Music City: Katy B mentors Londonderry's young musicians
- 25 November 2013
- From the section Northern Ireland
Not many of us like to admit it, but we have all done it - the old 'singing into a hairbrush and pretending to perform on stage in front of thousands of people' routine.
Although very few people get that chance in real life, 13 of Londonderry's finest young musicians have taken their first steps towards achieving their dreams.
With the help of pop star Katy B, the talented group have been showcasing their musical flair for BBC One Northern Ireland's new series, Music City.
The programme follows the young musicians as they take part in the Music Promise education project.
The project aims to encourage young people in Derry to get involved in music and learn more about a career in the industry, with the hope of building a musical legacy from the year of culture through the talented group.
Music City looks at the lives of the teenagers as they brave their stage fright, practise their instruments and rock out on stage - and where better to do it than in the 2013 UK City of Culture?
'Completely smashed it'
The teenagers, ranging from singers and DJs to pianists, drummers and harpists, were each given the opportunity to hone their skills and get an insight into how the music industry works with Katy B, whose hits include Broken Record, Lights On and 5AM.
Katy said that all of the young people relished the opportunity to showcase their talents.
"All of them rose to the challenge, every single one of them. They gave it everything they had, they completely smashed it.
"Their performances were brilliant, so hopefully it gave them the confidence to know that they can go all the way, and I gave them all the advice I could," she said.
Katy B, aided by Derry-based singer and guitarist Glenn Rosborough, and local harpist and music teacher Jenny Grant, set each young person a challenge to help them to take the next step in their musical career.
Katy has a strong musical background - she grew up singing, playing piano and even studied music at university.
She said she always knew that music was what she wanted to do and being a mentor for Music City was a chance for her to pass on some wise words to people hoping to forge a career in the music industry.
"I remember growing up and always looking for opportunities to gain a bit of experience and meet other musicians. That really gave me so much confidence, so I know the importance of projects like this.
"The kids were brilliant. They took on their challenges and gave it 110 per cent and they were so happy to be there. It was inspiring for me too because they were full of enthusiasm," she said.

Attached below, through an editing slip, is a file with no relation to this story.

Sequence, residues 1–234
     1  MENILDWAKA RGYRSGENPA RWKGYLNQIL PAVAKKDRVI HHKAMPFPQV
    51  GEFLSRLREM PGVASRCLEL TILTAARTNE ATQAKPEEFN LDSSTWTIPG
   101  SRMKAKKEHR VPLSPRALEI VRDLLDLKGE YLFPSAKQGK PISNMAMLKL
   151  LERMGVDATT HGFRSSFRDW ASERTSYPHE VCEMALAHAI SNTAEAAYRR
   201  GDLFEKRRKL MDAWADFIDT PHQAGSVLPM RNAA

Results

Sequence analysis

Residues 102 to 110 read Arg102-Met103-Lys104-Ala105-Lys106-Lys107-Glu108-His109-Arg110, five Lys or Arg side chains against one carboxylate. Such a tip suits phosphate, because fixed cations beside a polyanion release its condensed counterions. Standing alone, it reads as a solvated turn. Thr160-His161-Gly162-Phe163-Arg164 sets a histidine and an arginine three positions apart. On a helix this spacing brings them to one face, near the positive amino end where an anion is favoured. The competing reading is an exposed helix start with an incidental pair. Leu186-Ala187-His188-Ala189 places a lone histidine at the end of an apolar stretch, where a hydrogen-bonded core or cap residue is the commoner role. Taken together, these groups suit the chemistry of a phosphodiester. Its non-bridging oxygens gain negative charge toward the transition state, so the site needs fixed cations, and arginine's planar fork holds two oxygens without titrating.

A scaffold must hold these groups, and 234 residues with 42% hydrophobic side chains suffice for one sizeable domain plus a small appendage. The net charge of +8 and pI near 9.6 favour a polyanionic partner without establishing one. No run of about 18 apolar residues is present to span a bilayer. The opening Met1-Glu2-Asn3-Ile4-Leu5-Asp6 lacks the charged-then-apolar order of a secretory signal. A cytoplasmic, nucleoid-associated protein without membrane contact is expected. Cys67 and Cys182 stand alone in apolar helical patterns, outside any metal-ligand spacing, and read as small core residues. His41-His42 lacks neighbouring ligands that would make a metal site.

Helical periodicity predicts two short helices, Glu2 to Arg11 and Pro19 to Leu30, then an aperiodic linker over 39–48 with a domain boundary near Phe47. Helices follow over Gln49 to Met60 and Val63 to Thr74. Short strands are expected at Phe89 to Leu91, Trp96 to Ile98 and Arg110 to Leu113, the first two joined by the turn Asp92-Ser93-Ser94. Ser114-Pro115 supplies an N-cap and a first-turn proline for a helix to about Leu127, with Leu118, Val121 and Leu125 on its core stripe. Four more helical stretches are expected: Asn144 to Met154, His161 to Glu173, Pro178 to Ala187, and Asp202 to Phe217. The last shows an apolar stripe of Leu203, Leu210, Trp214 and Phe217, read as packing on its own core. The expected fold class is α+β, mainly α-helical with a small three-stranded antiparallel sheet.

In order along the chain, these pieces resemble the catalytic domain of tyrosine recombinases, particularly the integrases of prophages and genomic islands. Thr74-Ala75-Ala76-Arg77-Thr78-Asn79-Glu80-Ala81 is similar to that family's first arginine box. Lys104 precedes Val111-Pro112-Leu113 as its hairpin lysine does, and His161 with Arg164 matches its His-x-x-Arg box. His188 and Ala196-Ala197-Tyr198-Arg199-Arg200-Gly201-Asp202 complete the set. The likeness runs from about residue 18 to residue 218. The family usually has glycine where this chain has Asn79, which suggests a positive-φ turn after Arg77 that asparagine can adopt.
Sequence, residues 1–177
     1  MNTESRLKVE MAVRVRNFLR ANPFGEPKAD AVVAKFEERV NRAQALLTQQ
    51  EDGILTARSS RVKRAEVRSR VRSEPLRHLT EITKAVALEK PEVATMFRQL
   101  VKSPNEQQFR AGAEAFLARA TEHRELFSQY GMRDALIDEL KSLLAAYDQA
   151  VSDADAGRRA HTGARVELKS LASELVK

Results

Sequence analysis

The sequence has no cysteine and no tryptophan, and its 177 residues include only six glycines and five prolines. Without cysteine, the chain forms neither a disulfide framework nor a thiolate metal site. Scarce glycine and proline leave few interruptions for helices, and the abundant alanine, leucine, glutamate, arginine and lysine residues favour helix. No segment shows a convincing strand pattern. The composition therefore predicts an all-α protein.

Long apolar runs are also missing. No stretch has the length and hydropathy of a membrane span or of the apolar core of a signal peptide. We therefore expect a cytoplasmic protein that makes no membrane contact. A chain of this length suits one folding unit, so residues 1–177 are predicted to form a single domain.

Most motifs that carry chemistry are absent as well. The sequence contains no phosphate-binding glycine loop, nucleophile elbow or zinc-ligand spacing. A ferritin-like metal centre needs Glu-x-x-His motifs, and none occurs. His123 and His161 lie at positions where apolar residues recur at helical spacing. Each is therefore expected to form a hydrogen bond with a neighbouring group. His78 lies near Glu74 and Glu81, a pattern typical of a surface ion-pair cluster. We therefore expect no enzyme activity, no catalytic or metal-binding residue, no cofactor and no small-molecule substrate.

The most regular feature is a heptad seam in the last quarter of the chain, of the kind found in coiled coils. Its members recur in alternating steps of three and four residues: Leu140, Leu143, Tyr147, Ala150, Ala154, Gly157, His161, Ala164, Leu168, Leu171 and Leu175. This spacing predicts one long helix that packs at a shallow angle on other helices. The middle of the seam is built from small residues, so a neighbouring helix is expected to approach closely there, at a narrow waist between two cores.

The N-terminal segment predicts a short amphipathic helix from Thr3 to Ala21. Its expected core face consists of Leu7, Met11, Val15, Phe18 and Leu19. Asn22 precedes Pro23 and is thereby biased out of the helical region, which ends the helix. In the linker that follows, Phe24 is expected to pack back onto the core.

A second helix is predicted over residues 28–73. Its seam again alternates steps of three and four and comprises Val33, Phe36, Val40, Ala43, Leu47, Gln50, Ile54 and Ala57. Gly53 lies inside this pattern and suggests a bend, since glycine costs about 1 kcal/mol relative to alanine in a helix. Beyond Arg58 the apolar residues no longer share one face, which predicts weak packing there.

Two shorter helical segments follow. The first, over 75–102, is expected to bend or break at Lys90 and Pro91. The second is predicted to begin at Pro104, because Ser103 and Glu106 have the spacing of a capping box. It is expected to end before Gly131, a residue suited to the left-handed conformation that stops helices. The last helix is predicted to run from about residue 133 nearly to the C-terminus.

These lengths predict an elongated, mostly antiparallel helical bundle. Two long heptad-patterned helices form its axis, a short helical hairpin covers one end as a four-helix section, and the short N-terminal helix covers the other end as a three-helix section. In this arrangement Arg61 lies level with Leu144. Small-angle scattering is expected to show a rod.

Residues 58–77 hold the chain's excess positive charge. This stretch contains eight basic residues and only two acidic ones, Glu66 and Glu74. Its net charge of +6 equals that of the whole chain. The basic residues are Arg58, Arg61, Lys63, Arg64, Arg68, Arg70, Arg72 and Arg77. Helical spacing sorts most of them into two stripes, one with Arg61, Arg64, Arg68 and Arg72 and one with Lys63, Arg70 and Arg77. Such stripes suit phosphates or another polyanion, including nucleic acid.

Katy is no stranger to Northern Ireland. She said that one of her first headline gigs was at the Stiff Kitten in Belfast, and she was lucky enough to play at Radio 1's Big Weekend in May.
"Performing at the Big Weekend was great. It was the first time that I had performed with a big band, and Derry is such an inspiring city," she said.
Katy added that taking part in Music City also gave her the chance to embrace the local history and culture.
She said: "I had a wonderful time when I was here. Learning about the history of Derry and just soaking it all up as a tourist was really interesting for me.
"I also got to meet all of the kids' families. They welcomed me into their homes, they treated me so well and the hospitality was just incredible. I can't wait to go back, it now feels like my second home."
Director and producer of the show, Des Henderson, said that Music City offers a view of the City of Culture through the eyes of its young people.
"The Music Promise project was set up with the aim of building a musical legacy from the year of culture through these young people.
"We got to work with these talented musicians, some of whom were more experienced and others who were making music for the first time," he said.
One of the participants, 15-year-old Hannah, told Radio Ulster that the programme had boosted her confidence enormously.
"I was always really scared to play my original stuff for people, but the documentary has helped me to play it for other people and hear what other people have to say about it," she said.
Katy B said that all of the teenagers from the show have a bright future and that Music City had helped them to realise their potential.
However, she added that it was important for them to understand the commitments and the sacrifices involved in becoming a successful musician.
"There's a lot of hard work involved. Some times you have to sacrifice fun things, like going out with your mates or something, to go and do a gig instead.
"The main thing to remember is to keep grafting and believe in yourself and if you know exactly what you want to do, don't let anyone tell you that you can't do it - just go for it."
Music City is on BBC One Northern Ireland at 19:30 GMT on Mondays from 25 November, and is repeated on Tuesdays at 22:00 GMT. It is also available to watch on the iPlayer.